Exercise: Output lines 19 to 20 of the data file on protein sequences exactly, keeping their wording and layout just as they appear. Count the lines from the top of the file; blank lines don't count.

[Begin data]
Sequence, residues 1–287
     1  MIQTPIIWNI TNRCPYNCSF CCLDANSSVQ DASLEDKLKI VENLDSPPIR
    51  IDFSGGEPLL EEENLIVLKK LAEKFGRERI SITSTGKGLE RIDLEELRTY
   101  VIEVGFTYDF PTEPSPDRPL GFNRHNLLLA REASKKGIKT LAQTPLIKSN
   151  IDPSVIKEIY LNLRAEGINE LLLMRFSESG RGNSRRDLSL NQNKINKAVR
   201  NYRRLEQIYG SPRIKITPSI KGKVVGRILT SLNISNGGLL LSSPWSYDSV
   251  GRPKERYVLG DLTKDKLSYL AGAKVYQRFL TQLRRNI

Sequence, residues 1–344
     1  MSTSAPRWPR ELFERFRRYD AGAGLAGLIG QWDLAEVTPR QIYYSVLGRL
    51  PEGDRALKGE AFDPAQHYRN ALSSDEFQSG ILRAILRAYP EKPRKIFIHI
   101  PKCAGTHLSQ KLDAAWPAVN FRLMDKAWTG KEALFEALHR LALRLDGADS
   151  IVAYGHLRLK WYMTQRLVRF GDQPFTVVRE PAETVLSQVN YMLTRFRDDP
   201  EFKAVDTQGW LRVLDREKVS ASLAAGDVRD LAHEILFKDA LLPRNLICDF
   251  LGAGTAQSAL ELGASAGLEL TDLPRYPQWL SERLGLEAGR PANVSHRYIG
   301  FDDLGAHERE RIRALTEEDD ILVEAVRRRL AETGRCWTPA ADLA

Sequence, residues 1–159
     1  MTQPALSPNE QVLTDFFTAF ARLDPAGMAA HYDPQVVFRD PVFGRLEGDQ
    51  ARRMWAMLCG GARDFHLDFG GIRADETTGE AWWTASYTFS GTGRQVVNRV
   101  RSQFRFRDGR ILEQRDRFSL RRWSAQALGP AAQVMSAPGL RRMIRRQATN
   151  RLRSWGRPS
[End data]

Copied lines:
   101  RSQFRFRDGR ILEQRDRFSL RRWSAQALGP AAQVMSAPGL RRMIRRQATN
   151  RLRSWGRPS